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2014 Certificate in Documentary Studies Graduates

Eight Duke University students graduating in 2014 with a Certificate in Documentary Studies describe themselves and their work:

William Tobias Baumgartner
Boulder, Colorado
Major: Program II—Visual Media and Health Disparities (Documentary Studies and Global Health)


My Duke experience has been characterized by a pursuit of multidisciplinary studies. Through my self-created Program II major, I have been able to synthesize studies in documentary film and photography, biology, global health, statistics, epidemiology, and cultural anthropology (among others) in order to create multimedia pieces that explore and narrate complex health issues around the world. In four years at Duke, I have made films in Kenya, Tanzania, Uganda, South Africa, Guatemala, Bolivia, Durham, and Colorado, on subjects ranging from HIV to drug abuse to electronic music. The Center for Documentary studies was a huge part of my decision to attend Duke University, as faculty reached out to me before I had even made my decision and showed me the passion and dedication CDS has for learning to tell stories. I am hoping to spend the next year making a documentary film on Latin America water policy, and I will attend medical school this or the following year. Ultimately, I hope to constantly integrate health and media in order to tell untold stories of global health disparities.

Danzhou Duojie 
Major: Cultural Anthropology | Certificate in Arts of the Moving Image


Before my family owned a TV, I remember my parents narrating fairy tales and real stories. Those stories were my window into the lives of my parents and grandparents, and in some ways, the reservoirs of my knowledge about my culture and its past. However, the introduction of modern media technology has replaced the bedtime storytelling tradition. While I enjoyed growing up watching TV and movies as a member of one of the first generations in Tibet to consume such forms of entertainment, a part of me still longed for the bedtime storytelling of my parents. I believe that documentary fulfills the telling of traditional stories through modern means and preserves stories as episodes of the history and culture of a people. When I first tried to make films, I quickly realized the need to receive a proper training in filmmaking. Duke stood out as I was searching for the best documentary schools, and the Certificate in Documentary Studies program will enable me to achieve my dream.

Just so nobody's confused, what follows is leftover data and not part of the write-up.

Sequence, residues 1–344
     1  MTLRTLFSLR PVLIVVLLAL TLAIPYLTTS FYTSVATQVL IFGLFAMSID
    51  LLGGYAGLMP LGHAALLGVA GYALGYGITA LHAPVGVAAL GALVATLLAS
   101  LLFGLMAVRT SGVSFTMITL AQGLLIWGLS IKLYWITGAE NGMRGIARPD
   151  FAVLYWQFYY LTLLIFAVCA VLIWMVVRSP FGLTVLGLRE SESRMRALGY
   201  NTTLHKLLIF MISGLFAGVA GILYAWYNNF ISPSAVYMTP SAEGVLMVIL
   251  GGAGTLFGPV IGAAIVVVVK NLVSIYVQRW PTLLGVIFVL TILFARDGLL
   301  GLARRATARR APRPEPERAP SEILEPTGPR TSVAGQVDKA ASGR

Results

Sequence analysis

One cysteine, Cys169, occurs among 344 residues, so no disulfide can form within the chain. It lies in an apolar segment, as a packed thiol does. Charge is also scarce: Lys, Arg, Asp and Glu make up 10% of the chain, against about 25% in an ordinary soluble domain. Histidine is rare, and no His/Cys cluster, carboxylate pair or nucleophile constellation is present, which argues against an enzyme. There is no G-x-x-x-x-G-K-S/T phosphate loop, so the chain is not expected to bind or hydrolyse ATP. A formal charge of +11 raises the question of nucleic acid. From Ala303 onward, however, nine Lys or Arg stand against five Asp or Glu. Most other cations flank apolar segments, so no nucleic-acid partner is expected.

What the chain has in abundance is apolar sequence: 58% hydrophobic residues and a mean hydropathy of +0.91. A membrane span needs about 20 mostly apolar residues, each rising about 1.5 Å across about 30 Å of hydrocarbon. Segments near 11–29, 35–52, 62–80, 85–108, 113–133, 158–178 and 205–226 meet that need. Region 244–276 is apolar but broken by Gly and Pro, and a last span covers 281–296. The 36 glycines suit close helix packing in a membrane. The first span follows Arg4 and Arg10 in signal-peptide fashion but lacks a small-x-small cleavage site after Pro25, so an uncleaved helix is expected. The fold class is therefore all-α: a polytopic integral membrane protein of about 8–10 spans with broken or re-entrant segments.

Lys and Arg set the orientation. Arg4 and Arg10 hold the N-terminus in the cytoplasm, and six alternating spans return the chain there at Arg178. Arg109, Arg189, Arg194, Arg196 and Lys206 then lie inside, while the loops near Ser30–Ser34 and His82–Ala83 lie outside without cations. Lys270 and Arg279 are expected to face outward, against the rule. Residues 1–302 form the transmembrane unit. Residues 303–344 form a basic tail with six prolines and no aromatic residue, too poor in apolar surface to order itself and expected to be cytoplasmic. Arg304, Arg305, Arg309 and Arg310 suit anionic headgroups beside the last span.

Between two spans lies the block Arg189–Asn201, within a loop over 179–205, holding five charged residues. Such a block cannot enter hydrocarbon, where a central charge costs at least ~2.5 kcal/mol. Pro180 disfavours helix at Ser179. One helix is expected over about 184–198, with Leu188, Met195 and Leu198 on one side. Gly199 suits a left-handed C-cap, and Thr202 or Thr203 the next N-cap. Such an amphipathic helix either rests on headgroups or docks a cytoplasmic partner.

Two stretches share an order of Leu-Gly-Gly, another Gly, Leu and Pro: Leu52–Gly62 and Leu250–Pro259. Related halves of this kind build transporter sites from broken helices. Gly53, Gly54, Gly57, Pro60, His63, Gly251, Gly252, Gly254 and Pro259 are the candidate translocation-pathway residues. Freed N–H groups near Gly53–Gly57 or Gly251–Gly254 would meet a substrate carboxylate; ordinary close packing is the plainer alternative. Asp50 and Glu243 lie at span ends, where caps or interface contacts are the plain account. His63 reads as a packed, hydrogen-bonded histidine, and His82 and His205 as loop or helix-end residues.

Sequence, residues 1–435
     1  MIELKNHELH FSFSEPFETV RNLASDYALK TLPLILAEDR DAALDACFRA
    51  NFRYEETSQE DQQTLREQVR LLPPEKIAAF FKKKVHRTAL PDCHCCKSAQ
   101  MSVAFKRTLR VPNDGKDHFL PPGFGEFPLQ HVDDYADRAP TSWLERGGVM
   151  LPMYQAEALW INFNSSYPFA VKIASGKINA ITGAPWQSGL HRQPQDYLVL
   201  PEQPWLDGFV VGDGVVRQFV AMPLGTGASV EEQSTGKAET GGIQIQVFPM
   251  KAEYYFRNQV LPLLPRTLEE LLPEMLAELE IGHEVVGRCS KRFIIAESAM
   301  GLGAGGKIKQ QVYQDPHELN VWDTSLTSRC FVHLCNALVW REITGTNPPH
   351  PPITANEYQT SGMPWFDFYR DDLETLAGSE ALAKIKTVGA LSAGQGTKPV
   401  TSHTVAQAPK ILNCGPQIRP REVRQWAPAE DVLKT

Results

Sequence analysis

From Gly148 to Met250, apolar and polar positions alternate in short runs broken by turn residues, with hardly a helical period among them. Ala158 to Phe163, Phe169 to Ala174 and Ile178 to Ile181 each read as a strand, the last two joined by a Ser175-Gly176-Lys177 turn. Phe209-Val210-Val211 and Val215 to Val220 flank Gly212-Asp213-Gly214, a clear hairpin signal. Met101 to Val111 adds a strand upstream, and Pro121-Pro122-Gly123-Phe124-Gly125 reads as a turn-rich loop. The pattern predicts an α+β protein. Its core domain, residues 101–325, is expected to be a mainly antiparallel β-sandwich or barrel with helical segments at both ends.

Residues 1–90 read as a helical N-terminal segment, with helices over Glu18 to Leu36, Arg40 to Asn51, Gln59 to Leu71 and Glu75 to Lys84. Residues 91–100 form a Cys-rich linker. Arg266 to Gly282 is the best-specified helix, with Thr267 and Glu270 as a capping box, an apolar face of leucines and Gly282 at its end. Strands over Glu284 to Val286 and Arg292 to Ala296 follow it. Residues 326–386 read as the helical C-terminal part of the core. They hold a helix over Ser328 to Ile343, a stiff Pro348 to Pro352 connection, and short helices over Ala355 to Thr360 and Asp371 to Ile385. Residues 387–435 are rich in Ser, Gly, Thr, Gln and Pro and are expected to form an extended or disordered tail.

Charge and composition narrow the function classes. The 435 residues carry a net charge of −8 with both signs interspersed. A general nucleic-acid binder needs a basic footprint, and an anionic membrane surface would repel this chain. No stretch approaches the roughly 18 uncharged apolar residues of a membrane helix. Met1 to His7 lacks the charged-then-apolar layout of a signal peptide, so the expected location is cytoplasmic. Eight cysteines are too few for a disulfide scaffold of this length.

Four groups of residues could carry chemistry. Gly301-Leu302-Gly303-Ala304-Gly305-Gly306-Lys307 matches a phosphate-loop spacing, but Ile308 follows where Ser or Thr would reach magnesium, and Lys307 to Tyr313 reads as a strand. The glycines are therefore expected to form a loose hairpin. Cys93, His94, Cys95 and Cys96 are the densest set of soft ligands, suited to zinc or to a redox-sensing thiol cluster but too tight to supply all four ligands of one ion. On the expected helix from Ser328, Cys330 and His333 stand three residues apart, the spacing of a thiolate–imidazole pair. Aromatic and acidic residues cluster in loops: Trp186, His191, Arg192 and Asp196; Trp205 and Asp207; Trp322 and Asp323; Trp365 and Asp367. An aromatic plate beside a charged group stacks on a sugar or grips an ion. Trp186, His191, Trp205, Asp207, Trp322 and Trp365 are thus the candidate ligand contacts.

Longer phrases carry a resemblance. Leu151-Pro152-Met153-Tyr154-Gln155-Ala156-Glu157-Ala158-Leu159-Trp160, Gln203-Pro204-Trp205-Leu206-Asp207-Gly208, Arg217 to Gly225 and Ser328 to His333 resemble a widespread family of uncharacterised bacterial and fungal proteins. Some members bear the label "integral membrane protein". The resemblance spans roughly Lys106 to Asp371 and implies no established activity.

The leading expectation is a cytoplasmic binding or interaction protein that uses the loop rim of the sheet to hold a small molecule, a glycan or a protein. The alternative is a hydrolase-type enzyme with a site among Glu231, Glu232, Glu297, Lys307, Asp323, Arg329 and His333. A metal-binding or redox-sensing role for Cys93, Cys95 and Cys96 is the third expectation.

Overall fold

My capstone project is a film about the process of recovery in the aftermath of a 2010 earthquake that devastated my hometown in Tibet. For the past three summers, I went back home and tried to capture the recovery and the reconstruction of the town. This film tells the story of the courage and the struggle of the people to rise from the rubble of the earthquake and build a new home.

Adrienne Harreveld
Jupiter, Florida
Major: History / Minor: Political Science

Adrienne Harreveld

I came to Duke from a performing arts high school where I concentrated in music performance. After arriving in Durham I wanted to completely forget my artistic background and only focus on what I thought my true passions were: policy and politics. But during my first semester of just academic work, campaigns, and thought talks, I deeply missed the creativity I had previously been immersed in. This is what led me to take classes at the Center for Documentary studies. I wanted to integrate my passion for policy, history, organizing, and journalism with creativity and artistry. Getting the Certificate in Documentary Studies has been the defining experience of my college career. It has introduced me to so many different, vibrant communities in North Carolina and instilled within me a love of storytelling. My capstone project is a historical archive and twenty-minute video piece on the history of Internationalist Books, a leftist/anarchist bookstore in Chapel Hill. I have loved combining my academic historical training with documentary and hope to continue making projects like this in the future. I hope to pursue a career in policy journalism or documentary.